Trimethylamine-N-Oxide (TMAO) predicts cardiovascular mortality in peripheral artery disease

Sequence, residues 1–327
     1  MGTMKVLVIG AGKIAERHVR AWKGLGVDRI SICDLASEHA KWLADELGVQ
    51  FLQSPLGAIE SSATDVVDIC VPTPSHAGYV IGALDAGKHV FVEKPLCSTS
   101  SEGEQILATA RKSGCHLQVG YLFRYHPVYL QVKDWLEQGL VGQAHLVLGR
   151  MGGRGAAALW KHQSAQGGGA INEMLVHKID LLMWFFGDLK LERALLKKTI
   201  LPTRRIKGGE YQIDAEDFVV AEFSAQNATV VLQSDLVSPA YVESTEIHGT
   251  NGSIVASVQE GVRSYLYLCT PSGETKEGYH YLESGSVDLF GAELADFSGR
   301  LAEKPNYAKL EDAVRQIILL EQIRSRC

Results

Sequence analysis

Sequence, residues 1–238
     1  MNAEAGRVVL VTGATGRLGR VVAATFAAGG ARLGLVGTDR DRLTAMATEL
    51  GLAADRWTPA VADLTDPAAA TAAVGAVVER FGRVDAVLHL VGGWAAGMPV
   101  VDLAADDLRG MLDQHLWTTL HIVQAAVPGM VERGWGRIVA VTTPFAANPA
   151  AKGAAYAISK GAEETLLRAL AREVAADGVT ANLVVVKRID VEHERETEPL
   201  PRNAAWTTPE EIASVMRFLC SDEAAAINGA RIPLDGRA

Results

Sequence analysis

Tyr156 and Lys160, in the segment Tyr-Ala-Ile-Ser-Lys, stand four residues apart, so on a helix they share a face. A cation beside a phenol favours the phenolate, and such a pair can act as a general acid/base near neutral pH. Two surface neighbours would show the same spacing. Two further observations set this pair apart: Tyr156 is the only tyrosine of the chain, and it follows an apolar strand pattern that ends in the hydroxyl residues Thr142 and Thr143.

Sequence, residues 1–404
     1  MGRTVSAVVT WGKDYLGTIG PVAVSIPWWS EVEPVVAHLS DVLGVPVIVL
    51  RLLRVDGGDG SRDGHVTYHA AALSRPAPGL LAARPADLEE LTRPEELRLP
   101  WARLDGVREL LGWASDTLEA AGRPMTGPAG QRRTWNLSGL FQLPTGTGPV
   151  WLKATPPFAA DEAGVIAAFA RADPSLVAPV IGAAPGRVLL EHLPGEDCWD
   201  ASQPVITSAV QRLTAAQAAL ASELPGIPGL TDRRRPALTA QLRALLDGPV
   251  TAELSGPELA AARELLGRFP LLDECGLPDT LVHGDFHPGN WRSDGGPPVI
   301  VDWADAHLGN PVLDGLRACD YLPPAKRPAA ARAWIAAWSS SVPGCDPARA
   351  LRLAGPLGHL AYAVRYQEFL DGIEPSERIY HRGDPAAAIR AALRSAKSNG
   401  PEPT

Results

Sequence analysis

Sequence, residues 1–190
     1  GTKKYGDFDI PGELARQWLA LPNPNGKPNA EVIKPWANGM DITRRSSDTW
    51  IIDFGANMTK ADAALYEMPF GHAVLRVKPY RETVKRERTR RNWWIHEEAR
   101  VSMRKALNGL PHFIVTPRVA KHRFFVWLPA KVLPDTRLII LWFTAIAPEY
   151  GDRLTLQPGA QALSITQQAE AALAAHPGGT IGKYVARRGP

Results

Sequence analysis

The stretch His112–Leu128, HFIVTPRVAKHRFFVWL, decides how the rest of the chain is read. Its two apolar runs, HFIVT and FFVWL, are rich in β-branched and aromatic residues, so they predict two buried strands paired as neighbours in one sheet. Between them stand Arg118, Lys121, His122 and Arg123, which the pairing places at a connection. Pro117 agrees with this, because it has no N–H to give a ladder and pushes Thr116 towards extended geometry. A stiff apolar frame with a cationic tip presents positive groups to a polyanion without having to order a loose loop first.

Peripheral artery disease (PAD) is a major cause of acute and chronic illness, with extremely poor prognosis that remains underdiagnosed and undertreated. Trimethylamine-N-Oxide (TMAO), a gut derived metabolite, has been associated with atherosclerotic burden. We determined plasma levels of TMAO by mass spectrometry and evaluated their association with PAD severity and prognosis. 262 symptomatic PAD patients (mean age 70 years, 87% men) categorized in intermittent claudication (IC, n = 147) and critical limb ischemia (CLI, n = 115) were followed-up for a mean average of 4 years (min 1-max 102 months). TMAO levels were increased in CLI compared to IC (P < 0.001). Receiver operating characteristic (ROC) curves for severity (CLI) rendered a cutoff of 2.26 mu mol/L for TMAO (62% sensitivity, 76% specificity). Patients with TMAO > 2.26 mu mol/L exhibited higher risk of cardiovascular death (sub-hazard ratios >= 2, P < 0.05) that remained significant after adjustment for confounding factors. TMAO levels were associated to disease severity and CV-mortality in our cohort, suggesting an improvement of PAD prognosis with the measurement of TMAO. Overall, our results indicate that the intestinal bacterial function, together with the activity of key hepatic enzymes for TMA oxidation (FMO3) and renal function, should be considered when designing therapeutic strategies to control gut-derived metabolites in vascular patients.